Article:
The only time Steve Smith really smiled during the whole press conference was when he was incidentally asked about Virat Kohli. Even here it was more a sheepish grin, the Australia captain’s lips widening but with enough cautious restraint to ensure they didn’t part even slightly. The question was about whether his team had figured a way out to stop Virat Kohli.
It was a cue for Smith to fire the first shot of the trademark mind-war that Australian teams indulge in before every tour, which traditionally involves throwing the gauntlet to the opposition captain.
To let him know in no uncertain terms that they were coming for him with unbridled aggression, that he was their ultimate target. In years gone by, an Australian captain would have revealed to have a foolproof master-plan for Kohli, which was sure to derail both him and his team. But instead, Smith chose to go with a sheepish quip, saying, “Yes, we’re trying to form a game plan, but I’m not going to tell you what it is.” And the smile only got wider, if anything.
He then went on to reiterate that his counterpart was a world-class batsman with four double-centuries in his last four series and a strong batting core alongside him before adding, “..hopefully we can formulate some game plans to get on top of them.”
It wasn’t the only time Smith would rely on the word “hope” while describing his team’s chances over the next few weeks in the four-Test series against the No.1 team in the world. It wasn’t the only time he and coach Darren Lehmann, sporting a swollen left eye, sounded un-Australian during their first interaction with the media after arriving in Mumbai late on Monday. This was an Australian team speaking in a different tone.
Historically Australian teams would approach an Indian tour with bluster and a sense of brash confidence, bordering on cockiness. Their captains would talk about their desire to win and trounce the hosts, even at times calling it their ‘final frontier’. But here was an Australian captain and his coach, who incidentally has tasted series victory as a player in India before, sounding hopeful rather than brazenly confident.
Smith’s answer to the first two questions thrown at him in fact, one about the preparatory camp in Dubai and the second about what he learnt from the tour of Sri Lanka last year, included the same line where he said, “The boys have been working hard and finding some good game plans and hopefully they can be successful in this series.” And his response to how his team planned to tackle the threat of R Ashwin was once again focused around hope. “He’s a world-class bowler, and we know he’s going to be difficult to face on this tour. But guys are going to formulate plans to hopefully be able to play him and get him out of the game as much as possible,” said Smith. The only time he did mention “winning the series” he preceded it by saying “pulling something off”.
Even coach Lehmann kind of echoed the same sentiments about his team’s chances. As a player, the South Australian southpaw was known for his take-no-prisoners attitude, and approached each game with his unique technique and a typically Aussie combativeness. But when asked about whether this would be the toughest challenge of his coaching career, Lehmann responded with, ”We’re not focussing too much on results. We just want to play as well as we can.”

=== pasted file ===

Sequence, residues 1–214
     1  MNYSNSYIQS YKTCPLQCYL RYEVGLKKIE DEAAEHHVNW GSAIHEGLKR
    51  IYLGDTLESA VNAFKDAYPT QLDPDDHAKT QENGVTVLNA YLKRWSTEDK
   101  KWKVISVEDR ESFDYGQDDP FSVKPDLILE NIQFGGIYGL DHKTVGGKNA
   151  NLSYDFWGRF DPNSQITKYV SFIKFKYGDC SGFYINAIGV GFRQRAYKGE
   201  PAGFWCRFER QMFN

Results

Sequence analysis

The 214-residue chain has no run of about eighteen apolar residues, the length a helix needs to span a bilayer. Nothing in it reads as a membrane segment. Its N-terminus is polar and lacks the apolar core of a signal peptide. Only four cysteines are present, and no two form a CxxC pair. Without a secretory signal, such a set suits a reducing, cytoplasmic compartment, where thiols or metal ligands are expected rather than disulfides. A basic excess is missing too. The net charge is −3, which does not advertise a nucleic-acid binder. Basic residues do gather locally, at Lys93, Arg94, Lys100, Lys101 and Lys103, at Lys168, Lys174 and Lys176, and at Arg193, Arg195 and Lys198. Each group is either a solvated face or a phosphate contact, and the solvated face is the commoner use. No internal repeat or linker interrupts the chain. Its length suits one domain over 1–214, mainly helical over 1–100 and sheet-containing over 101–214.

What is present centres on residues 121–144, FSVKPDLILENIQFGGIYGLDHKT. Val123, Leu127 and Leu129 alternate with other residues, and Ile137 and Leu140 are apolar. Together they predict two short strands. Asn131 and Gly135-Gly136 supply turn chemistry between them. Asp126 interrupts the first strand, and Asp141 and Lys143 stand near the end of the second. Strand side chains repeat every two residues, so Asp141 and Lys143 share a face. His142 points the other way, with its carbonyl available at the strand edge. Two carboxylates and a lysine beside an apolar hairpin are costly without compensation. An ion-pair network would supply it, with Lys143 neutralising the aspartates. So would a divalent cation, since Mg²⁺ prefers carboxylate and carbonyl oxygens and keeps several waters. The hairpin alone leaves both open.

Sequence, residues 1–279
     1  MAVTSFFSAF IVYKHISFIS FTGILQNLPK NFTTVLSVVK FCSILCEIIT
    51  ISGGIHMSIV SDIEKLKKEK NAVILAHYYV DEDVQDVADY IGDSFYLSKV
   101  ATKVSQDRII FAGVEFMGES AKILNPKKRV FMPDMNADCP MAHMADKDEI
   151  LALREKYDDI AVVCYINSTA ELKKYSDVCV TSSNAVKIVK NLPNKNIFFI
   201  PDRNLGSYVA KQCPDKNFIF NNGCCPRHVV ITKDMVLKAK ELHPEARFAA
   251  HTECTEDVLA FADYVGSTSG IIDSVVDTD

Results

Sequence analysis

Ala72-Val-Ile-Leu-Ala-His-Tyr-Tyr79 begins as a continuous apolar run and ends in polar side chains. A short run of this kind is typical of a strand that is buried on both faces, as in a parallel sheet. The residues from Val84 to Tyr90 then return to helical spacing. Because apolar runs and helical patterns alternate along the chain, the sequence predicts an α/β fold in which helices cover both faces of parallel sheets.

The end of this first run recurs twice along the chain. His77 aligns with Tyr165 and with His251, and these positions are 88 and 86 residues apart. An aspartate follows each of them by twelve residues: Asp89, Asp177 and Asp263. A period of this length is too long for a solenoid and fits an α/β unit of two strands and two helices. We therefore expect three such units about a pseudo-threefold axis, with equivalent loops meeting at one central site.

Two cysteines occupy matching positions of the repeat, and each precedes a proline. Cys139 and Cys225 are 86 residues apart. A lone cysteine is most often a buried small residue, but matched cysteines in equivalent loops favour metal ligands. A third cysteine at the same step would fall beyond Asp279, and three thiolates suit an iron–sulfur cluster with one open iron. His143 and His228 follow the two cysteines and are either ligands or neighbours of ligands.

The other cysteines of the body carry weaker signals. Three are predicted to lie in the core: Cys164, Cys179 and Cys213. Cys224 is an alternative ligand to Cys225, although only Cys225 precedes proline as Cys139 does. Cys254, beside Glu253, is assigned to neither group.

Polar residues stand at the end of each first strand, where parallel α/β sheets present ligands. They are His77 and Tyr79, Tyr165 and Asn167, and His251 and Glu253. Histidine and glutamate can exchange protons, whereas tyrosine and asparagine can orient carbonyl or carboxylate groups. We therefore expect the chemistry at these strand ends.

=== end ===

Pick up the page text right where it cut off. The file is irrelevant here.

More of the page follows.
What?! An Australian team not focusing on results and not here to win at any cost? An Australian team content to compete and be happy about it?
It’s safe to say that Australia lost their indomitable aura a long time ago, in the subcontinent anyway. They haven’t won a Test in India since clinching a historic series win in 2004 at Nagpur. In fact, their record in the subcontinent ever since has been nothing short of abysmal. Only West Indies have done worse than them among teams from outside the subcontinent. Since that win in Nagpur, Australia have won only three Tests out of 20, which includes two wins in Bangladesh back in 2006 and a solitary win in Galle in 2011. New Zealand have won the same number of matches but those included one each in Sri Lanka and the UAE against Pakistan. Australia were blanked and whitewashed in their last outings to the Middle East and Sri Lanka.
And on the basis of the Indian team’s form over the last eighteen months, those blips seem more like mere tips of the iceberg. In Kohli & Co, the Aussies will be on a head-on collision with the proverbial iceberg. No wonder, Lehmann and Smith sounded wary of making any statements, bombastic or otherwise. In fact there’s little of note in terms of confidence in this team coming from back home. Even Glenn McGrath hasn’t stuck his naturally long neck out and predicted Australia winning a 4-0 verdict in favour of his team. The general talk has surrounded ‘hope’ that Smith and his team manage to draw at least one Test, which in itself would be a great result, considering that Australia have lost their last six straight Tests on Indian soil.
Just over three months ago, it was an England captain addressing the media at the CCI, even if Alastair Cook with Trevor Bayliss for company had sat near the archaic pavilion instead of the CK Nayudu Hall. The series ended with Cook’s captaincy, which seemed to be hanging by a thread, ending on a sour note. Smith is still a young captain whose career is on the rise. A series loss here is unlikely to call for the axe to fall on his reign. But it will still be a body blow, that he’s “hopeful” if anything of avoiding.
Warm-up match: India A versus Australia (February 17 to 19), Brabourne Stadium, Mumbai; 1st Test (Feb 23-27), MCA Stadium, Pune; 2nd Test (March 4-8) M Chinnaswamy Stadium, Bangalore; 3rd Test (March 16-20), JSCA International Stadium, Ranchi; 4th Test (March 25-29) Himachal Pradesh Cricket Association, Dharmasala)